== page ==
CASTLETON-ON-HUDSON — As GOP gubernatorial nominee Lee Zeldin entered the final days of a race with narrowing polls, he led a large crowd in a rural town near Albany through the type of energized campaign stop that have been absent from Republican efforts in a blue state for many years.

“We’ve had decades where at that moment in time, the state was at a crossroads, and everyone stepped up, united as New Yorkers to take control of our destiny as a state,” Zeldin said before addressing a crowd measured in the thousands outside a golf course about 10 miles south of the state Capitol.

“This is one of those moments, where everybody’s just decided we’re going to work together and get this done.”

While recent Republican campaigns for statewide office in New York have tended to quietly stumble toward the finish line, Zeldin surrounded his closing message with fanfare before Tuesday's election against Democratic Gov. Kathy Hochul — who was at the same time in Manhattan holding a get-out-the-vote rally with Vice President Kamala Harris and former Sen. Hillary Clinton.

Before being joined by North Country Rep. Elise Stefanik and a long list of local Republican officeholders and seekers, Zeldin arrived via helicopter — a move last utilized at a political rally in the area in 2014 by a then-long-rumored gubernatorial candidate named Donald Trump, who chose instead to run for president less than two years later.

And like Trump, Zeldin took the size of the crowd as a sign of his momentum.

“You can pack every single Kathy Hochul rally with every headliner … every single one of them can be packed into tonight’s rally,” Zeldin said. “And we’ve now seen that for several days in a row. So great energy out there, people are so ready to fire Kathy Hochul. People are energized to restore balance to Albany.”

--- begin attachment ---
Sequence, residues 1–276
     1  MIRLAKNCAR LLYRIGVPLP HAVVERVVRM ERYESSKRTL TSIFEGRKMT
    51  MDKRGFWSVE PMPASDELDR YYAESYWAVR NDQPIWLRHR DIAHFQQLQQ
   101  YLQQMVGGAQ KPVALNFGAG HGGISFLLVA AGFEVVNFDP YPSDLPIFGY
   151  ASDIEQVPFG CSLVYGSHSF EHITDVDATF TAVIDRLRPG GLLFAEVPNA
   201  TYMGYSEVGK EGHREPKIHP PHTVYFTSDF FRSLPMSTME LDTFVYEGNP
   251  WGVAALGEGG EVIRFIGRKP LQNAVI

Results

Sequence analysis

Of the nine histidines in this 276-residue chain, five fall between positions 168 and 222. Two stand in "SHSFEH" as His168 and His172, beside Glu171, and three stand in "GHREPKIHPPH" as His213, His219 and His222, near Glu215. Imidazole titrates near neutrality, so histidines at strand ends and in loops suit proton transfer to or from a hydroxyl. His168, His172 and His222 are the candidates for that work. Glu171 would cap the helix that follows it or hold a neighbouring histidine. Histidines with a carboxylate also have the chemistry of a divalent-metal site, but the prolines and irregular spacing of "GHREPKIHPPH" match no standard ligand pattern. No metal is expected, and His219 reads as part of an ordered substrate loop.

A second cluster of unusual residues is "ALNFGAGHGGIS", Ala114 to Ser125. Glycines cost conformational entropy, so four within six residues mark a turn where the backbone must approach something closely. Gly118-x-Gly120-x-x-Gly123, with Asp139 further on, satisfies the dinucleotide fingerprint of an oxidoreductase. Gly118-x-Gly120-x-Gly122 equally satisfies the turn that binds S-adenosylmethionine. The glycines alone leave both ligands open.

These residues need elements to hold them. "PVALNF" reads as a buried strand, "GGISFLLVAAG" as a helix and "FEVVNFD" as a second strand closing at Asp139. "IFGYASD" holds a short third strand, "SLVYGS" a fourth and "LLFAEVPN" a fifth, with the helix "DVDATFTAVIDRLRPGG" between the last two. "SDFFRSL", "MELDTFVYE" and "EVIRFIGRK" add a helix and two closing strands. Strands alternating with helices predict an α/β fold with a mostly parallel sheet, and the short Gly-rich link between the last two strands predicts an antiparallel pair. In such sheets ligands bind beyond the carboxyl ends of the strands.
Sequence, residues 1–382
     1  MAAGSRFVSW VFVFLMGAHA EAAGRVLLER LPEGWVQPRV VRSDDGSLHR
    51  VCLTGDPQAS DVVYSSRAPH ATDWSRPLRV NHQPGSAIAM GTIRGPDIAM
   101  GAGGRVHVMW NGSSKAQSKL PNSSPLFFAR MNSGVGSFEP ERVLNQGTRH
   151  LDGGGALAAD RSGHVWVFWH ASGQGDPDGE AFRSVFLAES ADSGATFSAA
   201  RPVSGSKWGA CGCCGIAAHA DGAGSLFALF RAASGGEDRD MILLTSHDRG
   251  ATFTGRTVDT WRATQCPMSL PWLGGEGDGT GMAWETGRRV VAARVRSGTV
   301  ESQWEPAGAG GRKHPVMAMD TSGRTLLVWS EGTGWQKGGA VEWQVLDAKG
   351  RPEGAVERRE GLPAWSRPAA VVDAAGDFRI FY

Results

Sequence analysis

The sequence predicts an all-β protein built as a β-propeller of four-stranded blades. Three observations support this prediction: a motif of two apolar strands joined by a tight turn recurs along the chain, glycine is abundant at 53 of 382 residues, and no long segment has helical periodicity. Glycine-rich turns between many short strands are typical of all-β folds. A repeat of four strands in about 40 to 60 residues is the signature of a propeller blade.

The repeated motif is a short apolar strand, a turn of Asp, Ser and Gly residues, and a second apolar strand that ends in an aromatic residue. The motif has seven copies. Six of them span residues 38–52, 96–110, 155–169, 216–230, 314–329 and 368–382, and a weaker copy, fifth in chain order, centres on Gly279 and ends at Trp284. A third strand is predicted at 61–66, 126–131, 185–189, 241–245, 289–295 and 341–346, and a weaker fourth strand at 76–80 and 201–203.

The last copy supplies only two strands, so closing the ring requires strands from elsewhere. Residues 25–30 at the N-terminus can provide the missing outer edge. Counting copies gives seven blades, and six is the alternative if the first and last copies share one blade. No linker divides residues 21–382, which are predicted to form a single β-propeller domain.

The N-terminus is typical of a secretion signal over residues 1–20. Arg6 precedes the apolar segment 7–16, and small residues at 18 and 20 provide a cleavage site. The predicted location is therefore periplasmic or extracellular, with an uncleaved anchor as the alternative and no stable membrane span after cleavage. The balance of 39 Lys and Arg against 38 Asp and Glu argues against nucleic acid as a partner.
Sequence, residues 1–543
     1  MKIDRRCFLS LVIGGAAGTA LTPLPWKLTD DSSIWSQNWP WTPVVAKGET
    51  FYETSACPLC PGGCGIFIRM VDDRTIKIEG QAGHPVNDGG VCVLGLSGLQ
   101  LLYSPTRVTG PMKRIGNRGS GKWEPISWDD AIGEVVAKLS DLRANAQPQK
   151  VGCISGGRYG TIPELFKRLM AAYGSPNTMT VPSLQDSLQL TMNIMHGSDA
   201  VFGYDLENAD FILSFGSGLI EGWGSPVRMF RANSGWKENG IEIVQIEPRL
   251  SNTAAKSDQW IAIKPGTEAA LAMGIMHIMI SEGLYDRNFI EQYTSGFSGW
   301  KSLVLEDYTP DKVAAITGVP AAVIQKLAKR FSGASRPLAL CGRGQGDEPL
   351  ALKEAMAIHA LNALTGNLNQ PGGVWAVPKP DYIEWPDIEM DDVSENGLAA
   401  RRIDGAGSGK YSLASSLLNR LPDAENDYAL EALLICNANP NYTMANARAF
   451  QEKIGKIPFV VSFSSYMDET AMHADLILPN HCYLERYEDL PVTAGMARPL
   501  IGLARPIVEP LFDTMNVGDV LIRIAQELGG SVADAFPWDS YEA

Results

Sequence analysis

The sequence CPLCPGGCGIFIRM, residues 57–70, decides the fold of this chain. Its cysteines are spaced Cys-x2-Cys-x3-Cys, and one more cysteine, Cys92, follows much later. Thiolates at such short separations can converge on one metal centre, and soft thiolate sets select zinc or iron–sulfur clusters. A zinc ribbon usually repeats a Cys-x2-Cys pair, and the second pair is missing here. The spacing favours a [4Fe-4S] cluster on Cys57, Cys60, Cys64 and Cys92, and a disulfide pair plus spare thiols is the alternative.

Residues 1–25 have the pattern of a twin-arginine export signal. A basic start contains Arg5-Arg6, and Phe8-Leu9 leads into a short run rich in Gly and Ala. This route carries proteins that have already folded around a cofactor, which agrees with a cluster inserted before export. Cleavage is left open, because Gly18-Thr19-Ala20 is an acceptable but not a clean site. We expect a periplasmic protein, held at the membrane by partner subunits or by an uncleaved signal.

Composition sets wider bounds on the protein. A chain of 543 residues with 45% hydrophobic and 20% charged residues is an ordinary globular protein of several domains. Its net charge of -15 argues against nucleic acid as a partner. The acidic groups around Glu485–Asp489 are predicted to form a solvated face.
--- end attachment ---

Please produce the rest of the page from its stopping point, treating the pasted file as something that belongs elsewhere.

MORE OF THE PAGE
Whether or not the attendance at a rally translates into victory in a race in which about 5 million people will vote, it was indisputably a well-attended event. Signs for Zeldin and Stefanik appeared every five feet on the roads for a full mile leading to the golf course, and the traffic was bumper-to-bumper at points.

Polls have shown Zeldin behind Hochul by between 4 points and 11 points as he hammers on crime and the state's high cost of living as key planks of his campaign. Hochul's women rally on Thursday focused on preserving abortion rights, which she said would be threatened if Zeldin is elected — though he has vowed not to change them, while Hochul says he's not to be believed.

Rensselaer County Executive Steve McLaughlin estimated it was the largest attendance for a rally for a state-level Republican in the area since former state Senate Majority Leader Joe Bruno last ran 16 years ago.

“It’s enough is enough,” McLaughlin, a former state assemblymember, said. “Finally, this is people’s first big chance to stand up and push back.”

Recent polls have universally concluded that at best, Hochul is on track for one of the lowest margins of victory by a New York Democrat in 20 years.

Zeldin compared the trend to those in the gubernatorial election 28 years ago, when Republican state Sen. George Pataki stunned Democratic Gov. Mario Cuomo in 1994.

Pataki “is seeing flashbacks,” Zeldin said. “The last six public polls that last week (for Pataki), four of the six had him down by double digits … By all accounts, no ones’ estimating this is going to be a double-digit loss.”

The course of the race has involved Zeldin “creeping up to what has been a dead heat,” he said. "And the goal is you peak at Election Day, and that’s what we plan on doing.”

“With all apologies to Prince,” Zeldin said, “I think New York is ready to party like it’s 1994.”

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